Although auxiliary implants 110, 120, 141–146 may have general shapes or sizes similar or symmetrical to one other, the detailed geometry and/or properties thereof may be different. For example, auxiliary implants 110, 120, 141–146 may have the substantially identical shape and size but their treatment layers may have different contours to satisfy asymmetrical anatomical contours of the articular surface to be treated. When symmetric auxiliary implants 110, 120, 141–146 include magnetic arrays, they are preferably arranged to generate specific magnetic fields to meet range of motion of the joint bones. (See the copending '356 application, which is incorporated by reference).
Depending on the application, the type of implant and location, an intramedullary stem may be desirable to assist in stabilizing the implant. In the exemplary embodiment for the shoulder described herein, the humeral canal is reamed to the appropriate dimensions and shape using a specially adapted standard reamer with a flexible shaft. With the canal properly prepared, a modular stem may be inserted as shown in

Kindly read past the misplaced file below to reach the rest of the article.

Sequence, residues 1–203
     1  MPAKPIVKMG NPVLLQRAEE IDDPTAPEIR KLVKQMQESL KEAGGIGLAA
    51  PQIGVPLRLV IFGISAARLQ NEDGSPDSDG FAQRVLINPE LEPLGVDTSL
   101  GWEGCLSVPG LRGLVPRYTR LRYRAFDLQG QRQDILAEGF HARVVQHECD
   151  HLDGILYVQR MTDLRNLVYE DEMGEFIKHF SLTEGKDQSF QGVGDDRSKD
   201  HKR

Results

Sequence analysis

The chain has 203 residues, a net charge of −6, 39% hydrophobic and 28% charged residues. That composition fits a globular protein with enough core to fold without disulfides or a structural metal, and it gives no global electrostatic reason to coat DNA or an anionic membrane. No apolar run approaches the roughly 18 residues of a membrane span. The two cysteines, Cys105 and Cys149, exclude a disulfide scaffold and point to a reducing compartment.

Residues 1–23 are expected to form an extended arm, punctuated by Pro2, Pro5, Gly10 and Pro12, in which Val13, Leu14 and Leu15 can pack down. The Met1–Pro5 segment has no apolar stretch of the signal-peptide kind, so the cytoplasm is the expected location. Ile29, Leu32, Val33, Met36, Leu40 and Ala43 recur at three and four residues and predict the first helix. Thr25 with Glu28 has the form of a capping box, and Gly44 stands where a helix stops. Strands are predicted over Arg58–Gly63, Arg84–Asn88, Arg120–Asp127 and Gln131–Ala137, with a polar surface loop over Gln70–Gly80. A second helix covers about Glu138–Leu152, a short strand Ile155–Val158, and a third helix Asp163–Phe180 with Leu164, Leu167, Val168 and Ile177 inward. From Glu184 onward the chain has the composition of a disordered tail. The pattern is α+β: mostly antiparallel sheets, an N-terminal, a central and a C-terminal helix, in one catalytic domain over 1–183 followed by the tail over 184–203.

As shown in
In a further exemplary embodiment, the method of the present invention is utilized to perform a non-anatomical total hip arthroplasty in which the femoral head is resected, the acetabulum prepared and the prosthesis implanted via the transosseous core approach.
Once the bone has been properly prepared, a total hip replacement prosthesis may be implanted. As illustrated in
In order to resect the femoral head as described above, retractable axial cutting device 160 (